In lua/plugins.lua, add the lines below to install vim-snip and some existing code snippets. You can find out more ready snippets from the VSCode marketplace.

use { 'hrsh7th/vim-vsnip' }
use { 'cstrap/python-snippets' }
use { 'ylcnfrht/vscode-python-snippet-pack' }
use { 'xabikos/vscode-javascript' }
use { 'golang/vscode-go' }
use { 'rust-lang/vscode-rust' }

Run :luafile % and :PackerInstall to install the plugins.

Javascript Snippets
Python Code Snippets
Golang Code Snippets
Rust Code Snippets

Database AutoCompletion

In my previous article, I walked through with you how to set up vim-dadbod and vim-dadbod-ui to manage multiple databases within Vim/Neovim. Now lets set up database auto-completion using vim-dadbod-completion.

In lua/plugins.lua, add the line to install the plugin.

use { 'kristijanhusak/vim-dadbod-completion' }

Run :luafile % and :PackerInstall to install the plugin.

In existing lua/config/db.vim, add the following line.

autocmd FileType sql setlocal omnifunc=vim_dadbod_completion#omni

In lua/config/compe.lua, add the line for vim-dadbod-completion auto-completion.

max_menu_width = 100;
documentation = true;
source = {
path = true;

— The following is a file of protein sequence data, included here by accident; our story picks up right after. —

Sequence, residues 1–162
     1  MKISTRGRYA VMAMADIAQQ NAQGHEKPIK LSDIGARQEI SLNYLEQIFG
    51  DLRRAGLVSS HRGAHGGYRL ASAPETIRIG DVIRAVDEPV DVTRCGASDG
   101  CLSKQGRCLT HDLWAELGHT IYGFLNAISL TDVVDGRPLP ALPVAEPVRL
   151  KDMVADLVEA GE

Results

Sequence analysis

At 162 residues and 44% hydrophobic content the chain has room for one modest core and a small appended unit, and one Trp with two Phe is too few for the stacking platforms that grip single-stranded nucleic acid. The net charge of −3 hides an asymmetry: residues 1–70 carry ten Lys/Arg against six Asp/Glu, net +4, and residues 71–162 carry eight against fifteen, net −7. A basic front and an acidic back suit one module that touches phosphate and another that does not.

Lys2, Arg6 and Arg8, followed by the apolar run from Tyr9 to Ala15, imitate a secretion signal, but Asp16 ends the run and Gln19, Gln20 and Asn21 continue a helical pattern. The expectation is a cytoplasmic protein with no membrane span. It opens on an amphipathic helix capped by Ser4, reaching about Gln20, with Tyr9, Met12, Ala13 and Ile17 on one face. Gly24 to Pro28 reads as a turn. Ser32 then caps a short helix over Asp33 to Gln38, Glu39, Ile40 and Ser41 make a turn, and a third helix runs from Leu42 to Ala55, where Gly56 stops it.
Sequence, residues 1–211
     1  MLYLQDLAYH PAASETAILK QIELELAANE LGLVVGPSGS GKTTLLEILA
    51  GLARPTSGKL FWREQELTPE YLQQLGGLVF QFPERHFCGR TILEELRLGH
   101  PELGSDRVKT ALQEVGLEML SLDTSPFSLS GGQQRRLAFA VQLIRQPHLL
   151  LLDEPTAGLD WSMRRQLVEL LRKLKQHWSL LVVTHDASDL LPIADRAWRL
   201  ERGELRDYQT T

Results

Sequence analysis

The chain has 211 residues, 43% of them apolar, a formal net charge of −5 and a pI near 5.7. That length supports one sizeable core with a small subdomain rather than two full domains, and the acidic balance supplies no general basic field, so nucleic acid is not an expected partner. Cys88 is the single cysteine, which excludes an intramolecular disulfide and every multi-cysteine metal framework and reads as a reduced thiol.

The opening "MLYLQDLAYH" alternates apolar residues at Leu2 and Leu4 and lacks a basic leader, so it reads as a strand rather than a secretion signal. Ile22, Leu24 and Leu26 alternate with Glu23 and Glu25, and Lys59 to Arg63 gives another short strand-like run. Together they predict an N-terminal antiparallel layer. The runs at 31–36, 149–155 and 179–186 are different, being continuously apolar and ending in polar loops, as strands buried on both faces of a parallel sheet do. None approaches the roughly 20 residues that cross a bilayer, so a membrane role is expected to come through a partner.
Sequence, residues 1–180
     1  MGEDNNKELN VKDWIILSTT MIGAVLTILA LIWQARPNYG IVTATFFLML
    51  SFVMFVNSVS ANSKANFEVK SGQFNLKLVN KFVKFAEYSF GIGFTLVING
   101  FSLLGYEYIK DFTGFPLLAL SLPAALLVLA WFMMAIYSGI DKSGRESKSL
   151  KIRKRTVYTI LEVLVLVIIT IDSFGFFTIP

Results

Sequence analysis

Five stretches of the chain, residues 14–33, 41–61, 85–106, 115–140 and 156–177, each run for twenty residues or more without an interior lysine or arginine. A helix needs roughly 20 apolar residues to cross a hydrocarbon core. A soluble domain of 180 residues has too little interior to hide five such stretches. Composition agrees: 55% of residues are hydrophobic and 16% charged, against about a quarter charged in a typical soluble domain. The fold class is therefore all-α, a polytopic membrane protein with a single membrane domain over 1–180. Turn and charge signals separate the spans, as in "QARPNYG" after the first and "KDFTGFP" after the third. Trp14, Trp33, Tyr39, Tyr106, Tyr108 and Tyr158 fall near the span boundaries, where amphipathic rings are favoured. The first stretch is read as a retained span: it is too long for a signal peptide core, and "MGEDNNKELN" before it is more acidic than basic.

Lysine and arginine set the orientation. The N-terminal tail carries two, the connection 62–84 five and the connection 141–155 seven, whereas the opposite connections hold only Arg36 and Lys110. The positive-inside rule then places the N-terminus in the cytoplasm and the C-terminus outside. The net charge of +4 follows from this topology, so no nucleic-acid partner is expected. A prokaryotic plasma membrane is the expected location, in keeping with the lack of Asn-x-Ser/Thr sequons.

buffer = true;
calc = true;
vsnip = true;
nvim_lsp = true;
nvim_lua = true;
spell = true;
tags = true;
snippets_nvim = true;
treesitter = true;
vim_dadbod_completion = true;
};
vim-dadbod-completion

Code Formatting

The language servers may not have a code formatting feature by default. We can definitely hack the LSP configuration to make the formatting works by combining LSP and efm-langserver. However, I find it easier just to use Neoformat.

In lua/plugins.lua, install the plugin by adding the following line.

use { 'sbdchd/neoformat' }

Run :luafile % and :PackerInstall to install the plugin.

Taking the Lua file as an example, I need to install the Lua formatter using LuaRocks.

luarocks install --server=https://luarocks.org/dev luaformatter

Then I can run :Neoformat to format Lua files. You can map the command to a short-cut key or use an auto command to auto-format the files.

For other languages like Python, Rust, Golang, Typescript, etc, install the formatter you prefer and it should work accordingly.

lspsaga.nvim

lspsaga.nvim is a light-weight LSP plugin with a highly performant UI.

In lua/plugins.lua, install the plugin by adding the following line.

use { 'glepnir/lspsaga.nvim' }

Run :luafile % and :PackerInstall to install the plugin.

Create a file called saga.vim under plugin folder with the following mappings.

lua << EOFlocal saga = require 'lspsaga'
saga.init_lsp_saga()
EOFnnoremap <silent><leader>clf :Lspsaga lsp_finder<CR>
nnoremap <silent><leader>cca :Lspsaga code_action<CR>
vnoremap <silent><leader>cca :<C-U>Lspsaga range_code_action<CR>
nnoremap <silent><leader>chd :Lspsaga hover_doc<CR>
nnoremap <silent><C-f> <cmd>lua require('lspsaga.action').smart_scroll_with_saga(1)<CR>
nnoremap <silent><C-b> <cmd>lua require('lspsaga.action').smart_scroll_with_saga(-1)<CR>